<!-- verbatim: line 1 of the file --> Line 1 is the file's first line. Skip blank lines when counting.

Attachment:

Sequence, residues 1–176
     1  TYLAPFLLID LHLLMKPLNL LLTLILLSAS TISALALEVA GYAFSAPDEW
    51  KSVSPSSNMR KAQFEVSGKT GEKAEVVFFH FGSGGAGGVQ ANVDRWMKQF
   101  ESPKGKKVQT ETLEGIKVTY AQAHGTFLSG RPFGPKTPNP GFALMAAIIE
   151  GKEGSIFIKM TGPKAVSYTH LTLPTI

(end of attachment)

Sequence, residues 1–176